Indian reporter burned to death by police for reporting on local corruption


Jagendra Singh

They came in the heat of the late afternoon, two cars jammed with enforcers and police officers allied with a local dairy minister. They charged into the reporter's house and reminded him that he had been warned many times that "he should not write anything against the minister."

At least that's what the reporter, Jagendra Singh, told a police official on his deathbed, with 60 percent of his body covered with burns after, he said, the men doused him with gasoline and set him on fire.

It was payback, he said, for his many posts on social media linking Ram Murti Verma, the minister of dairy development in the north Indian state of Uttar Pradesh, to illegal sand mining and taking possession of unoccupied land, two underground activities rampant in the state.

"They warned him that they will not leave his fingers in such a state that they would be able to write anything against the minister," said Mr. Singh's son, Rahul, in a telephone interview on Thursday.

The police in Uttar Pradesh said Thursday that they were investigating the accusations against Mr. Verma and his associates. Amitabh Thakur, a senior police official, went to check on Mr. Singh in his hospital bed in Lucknow, the state capital, before he died on Monday evening, a week after he was burned in the dusty town of Shahjahanpur on June 1.

The Committee to Protect Journalists called this week for an independent inquiry into Mr. Singh's death.

"Given the allegations of police participation, and India's poor track record of solving crimes in connection with reporting on local corruption, the involvement of an independent authority is essential," Sumit Galhotra, a research associate for the group's Asia branch, said in a statement.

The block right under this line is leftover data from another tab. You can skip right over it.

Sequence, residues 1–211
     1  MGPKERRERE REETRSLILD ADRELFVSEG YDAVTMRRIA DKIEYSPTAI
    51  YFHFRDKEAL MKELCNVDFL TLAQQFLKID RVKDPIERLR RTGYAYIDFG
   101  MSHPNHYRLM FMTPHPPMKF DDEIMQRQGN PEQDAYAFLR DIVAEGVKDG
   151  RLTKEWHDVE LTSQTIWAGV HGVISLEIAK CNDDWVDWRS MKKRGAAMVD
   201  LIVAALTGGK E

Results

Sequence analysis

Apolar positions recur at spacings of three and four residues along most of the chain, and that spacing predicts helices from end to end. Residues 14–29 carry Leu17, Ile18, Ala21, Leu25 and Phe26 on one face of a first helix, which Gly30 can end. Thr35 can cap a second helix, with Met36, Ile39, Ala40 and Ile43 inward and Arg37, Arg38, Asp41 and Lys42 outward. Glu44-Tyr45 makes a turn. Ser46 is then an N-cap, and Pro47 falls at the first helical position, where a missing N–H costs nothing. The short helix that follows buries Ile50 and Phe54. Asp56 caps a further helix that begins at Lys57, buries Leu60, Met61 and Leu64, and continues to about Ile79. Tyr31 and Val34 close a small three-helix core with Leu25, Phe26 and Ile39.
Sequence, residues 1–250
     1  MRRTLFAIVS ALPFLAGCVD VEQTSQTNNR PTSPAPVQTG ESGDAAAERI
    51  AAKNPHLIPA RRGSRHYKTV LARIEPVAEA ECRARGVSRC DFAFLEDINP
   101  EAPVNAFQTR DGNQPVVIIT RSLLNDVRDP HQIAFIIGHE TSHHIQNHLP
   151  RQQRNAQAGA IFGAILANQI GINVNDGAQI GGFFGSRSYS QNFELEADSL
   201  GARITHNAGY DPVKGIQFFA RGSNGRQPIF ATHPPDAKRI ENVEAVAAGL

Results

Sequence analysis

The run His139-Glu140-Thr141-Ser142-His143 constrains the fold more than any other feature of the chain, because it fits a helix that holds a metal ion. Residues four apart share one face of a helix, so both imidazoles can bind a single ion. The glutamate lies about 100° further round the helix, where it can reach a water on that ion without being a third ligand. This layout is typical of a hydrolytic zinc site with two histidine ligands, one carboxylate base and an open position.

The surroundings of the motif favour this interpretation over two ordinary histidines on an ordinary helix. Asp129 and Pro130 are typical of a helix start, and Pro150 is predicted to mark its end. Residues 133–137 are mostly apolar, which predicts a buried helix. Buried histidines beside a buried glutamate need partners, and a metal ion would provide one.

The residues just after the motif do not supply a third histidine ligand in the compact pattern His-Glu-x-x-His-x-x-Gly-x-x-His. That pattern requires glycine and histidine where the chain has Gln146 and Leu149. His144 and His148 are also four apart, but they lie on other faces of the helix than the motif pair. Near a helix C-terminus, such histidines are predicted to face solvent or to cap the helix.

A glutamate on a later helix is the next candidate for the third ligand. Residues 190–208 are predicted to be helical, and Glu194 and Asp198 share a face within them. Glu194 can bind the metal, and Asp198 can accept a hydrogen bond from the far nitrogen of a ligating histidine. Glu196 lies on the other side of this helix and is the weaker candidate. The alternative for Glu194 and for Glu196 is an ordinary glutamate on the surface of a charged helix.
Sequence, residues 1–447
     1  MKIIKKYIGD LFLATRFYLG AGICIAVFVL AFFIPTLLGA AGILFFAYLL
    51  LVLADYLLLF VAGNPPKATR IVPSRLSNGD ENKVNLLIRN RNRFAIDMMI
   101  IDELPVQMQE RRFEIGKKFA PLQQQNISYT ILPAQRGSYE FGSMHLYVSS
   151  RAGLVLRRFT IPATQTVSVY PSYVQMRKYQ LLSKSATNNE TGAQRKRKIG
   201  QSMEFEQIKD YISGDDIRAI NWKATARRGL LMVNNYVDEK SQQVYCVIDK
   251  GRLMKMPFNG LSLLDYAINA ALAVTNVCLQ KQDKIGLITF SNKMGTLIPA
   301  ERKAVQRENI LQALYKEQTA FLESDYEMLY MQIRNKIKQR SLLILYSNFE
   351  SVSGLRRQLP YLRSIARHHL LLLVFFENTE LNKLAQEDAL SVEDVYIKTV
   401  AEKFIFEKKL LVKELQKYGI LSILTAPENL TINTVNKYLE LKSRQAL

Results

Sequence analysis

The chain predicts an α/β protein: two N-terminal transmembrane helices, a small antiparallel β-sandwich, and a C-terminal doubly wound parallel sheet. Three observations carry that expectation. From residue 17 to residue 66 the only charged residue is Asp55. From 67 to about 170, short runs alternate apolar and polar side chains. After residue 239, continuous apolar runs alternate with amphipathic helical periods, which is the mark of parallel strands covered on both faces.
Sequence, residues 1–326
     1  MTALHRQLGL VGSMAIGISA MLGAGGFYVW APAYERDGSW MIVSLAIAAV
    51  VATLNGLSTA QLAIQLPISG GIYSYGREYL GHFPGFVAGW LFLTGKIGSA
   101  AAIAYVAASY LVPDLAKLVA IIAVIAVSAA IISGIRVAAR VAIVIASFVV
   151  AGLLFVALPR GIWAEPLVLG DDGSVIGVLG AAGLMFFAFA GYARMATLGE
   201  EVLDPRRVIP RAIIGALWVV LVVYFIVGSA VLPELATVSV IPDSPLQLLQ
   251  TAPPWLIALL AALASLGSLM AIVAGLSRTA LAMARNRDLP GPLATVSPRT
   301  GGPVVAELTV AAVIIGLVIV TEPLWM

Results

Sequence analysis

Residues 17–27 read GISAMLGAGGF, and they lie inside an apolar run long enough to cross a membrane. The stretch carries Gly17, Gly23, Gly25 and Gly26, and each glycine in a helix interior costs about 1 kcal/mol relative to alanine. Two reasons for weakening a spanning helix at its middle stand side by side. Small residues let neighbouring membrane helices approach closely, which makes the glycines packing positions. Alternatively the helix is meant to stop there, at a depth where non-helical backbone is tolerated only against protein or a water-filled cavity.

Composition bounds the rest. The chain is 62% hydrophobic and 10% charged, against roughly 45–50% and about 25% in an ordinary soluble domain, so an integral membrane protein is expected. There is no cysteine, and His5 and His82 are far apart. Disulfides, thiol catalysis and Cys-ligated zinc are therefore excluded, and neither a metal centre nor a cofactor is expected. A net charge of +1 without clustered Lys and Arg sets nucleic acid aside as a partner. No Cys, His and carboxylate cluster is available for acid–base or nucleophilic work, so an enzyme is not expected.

The statement noted that the superintendent of police in Shahjahanpur, Babloo Kumar, had denied that Mr. Singh was a journalist and told the organization that Mr. Singh had committed suicide. When reached later by telephone, Mr. Kumar did not repeat those claims, saying only that the investigation was ongoing. Mr. Singh, who had been working in the Hindi news media for 15 years, had written several Facebook posts in recent months accusing Mr. Verma of involvement in illegal activities. His fear for his own safety was apparent, and he said that he had been attacked by the minister's loyalists before.

"Ram Murti Singh Verma can have me killed," Mr. Singh wrote in a post on May 22. "At this time, politicians, thugs, and police, all are after me. Writing the truth is weighing heavily on my life."

While there have been no arrests in the case so far, the police have filed a complaint against six men, including Mr. Verma, in the burning of Mr. Singh, according to Mr. Kumar. A special police team has been set up to investigate the attack.

"Whoever is found guilty, including the minister, will be arrested accordingly," said Mr. Kumar, the police superintendent. "Nobody will be spared."

Indian journalists say that their safety has long been compromised, particularly in small towns where the local authorities can wield enormous power.

According to the Press Council of India, a statutory press watchdog group, 79 journalists were murdered in the past two and a half years in India, with very few convictions. The International News Safety Institute, based in Britain, put the number slightly lower in a report this year— 69 journalists killed from 2004 to 2014.

That made India the fifth most dangerous country for journalists, after Iraq, the Philippines, Pakistan and Mexico. India placed 13th on the Committee to Protect Journalists' annual global impunity index from 2014.